Now, about the money; anybody know someone willing to fence a priceless artifact?

This post makes we wish we had some sort of rep system, so I could give you some.

"ShadowDuelist is a god."
        -Teague Chrystie

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Re: Space Nerds

Matt has won the thread.

Also Brian, for his truly unprecedented restraint.

Teague Chrystie

I have a tendency to fix your typos.

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Invid wrote:

Going by history, I'll pay attention to SKYLON when they're fully funded and bending metal smile

Definitely... at the moment they really need funding. Their first major challenge is to make a full scale prototype and prove the concept of their heat exchanger works, the key to making the two-in-one engine work.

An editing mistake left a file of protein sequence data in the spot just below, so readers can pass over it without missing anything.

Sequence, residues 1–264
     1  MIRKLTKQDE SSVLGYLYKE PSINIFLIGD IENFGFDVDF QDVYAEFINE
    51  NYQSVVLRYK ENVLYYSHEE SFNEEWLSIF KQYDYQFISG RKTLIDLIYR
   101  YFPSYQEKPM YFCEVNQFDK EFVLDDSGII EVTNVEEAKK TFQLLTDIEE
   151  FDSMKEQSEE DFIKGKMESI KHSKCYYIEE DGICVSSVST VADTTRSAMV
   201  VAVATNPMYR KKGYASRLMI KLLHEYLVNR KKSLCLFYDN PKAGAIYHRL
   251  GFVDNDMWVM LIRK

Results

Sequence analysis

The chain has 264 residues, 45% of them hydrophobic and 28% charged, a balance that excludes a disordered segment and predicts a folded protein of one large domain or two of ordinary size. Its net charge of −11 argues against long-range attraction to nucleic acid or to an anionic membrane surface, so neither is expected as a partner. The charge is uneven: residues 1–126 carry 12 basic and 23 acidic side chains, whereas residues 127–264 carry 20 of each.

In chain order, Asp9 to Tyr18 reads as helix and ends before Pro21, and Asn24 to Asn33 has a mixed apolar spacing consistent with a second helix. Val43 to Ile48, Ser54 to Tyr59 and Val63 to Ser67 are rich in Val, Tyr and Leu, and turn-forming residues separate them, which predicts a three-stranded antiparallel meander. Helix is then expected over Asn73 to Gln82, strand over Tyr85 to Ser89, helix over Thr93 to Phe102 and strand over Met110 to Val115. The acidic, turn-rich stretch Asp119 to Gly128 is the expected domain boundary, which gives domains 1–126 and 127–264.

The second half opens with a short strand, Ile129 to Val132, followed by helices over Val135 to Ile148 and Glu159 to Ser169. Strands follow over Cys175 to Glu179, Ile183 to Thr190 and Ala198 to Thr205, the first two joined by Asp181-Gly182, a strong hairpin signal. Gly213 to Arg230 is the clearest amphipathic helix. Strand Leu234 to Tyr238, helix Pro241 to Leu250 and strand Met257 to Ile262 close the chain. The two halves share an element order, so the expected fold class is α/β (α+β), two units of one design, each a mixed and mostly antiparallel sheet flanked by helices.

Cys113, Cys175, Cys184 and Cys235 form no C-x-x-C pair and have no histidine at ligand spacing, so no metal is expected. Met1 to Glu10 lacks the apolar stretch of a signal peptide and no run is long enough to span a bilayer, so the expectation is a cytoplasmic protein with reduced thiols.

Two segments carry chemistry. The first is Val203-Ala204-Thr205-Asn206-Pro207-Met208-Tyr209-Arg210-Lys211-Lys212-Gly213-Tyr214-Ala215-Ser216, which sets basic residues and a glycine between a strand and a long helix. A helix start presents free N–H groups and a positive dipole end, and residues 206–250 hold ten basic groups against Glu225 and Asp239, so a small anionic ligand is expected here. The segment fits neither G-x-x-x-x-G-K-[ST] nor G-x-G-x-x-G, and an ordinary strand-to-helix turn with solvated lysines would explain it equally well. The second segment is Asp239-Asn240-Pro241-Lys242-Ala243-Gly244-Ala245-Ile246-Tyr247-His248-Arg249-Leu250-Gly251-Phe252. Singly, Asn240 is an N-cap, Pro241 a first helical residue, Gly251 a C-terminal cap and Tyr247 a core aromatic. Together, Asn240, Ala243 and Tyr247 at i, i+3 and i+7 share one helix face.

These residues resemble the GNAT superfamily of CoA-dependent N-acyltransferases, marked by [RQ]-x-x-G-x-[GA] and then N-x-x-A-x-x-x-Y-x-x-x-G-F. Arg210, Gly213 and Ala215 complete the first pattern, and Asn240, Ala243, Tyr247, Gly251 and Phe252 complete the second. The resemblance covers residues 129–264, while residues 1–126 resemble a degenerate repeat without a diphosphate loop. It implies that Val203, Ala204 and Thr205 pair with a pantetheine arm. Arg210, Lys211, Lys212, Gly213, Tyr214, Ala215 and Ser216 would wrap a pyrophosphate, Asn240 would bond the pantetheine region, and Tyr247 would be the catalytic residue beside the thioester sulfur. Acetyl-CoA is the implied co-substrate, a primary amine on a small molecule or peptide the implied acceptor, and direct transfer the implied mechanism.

The folks at Reaction Engines also have a concept for a mission to Mars which is pretty cool (though I'm not sure why they advocate the ludicrously more expensive method of launching 3 simultaneous missions).

There are some other advanced propulsion concepts. VASIMIR is an electro-magnetic thruster which promises a very cheap way of pushing stuff around in orbit, and will soon be tested on the ISS.
http://en.wikipedia.org/wiki/Vasimir

Then there's some sort of fancy laser-propelled concept, which sounds pretty far off but could be something interested. Reminds me of an 80s anime called Odin, where much of the space travel in our solar system was being done along these laser highways.

Weight and costs are major obstacles that we'll need to overcome to fully get out there. Moving away from solid and chemical fuel rockets is definitely the way to go.

Otherwise... we're going to need some help from outside:


For another first milestone, the shuttle Discovery is going to be taking up the first humanoid robot, called the Robonaut in February (or whenever they sort out the leakage problems and clear it for flight).. which will also mark Discovery's final flight.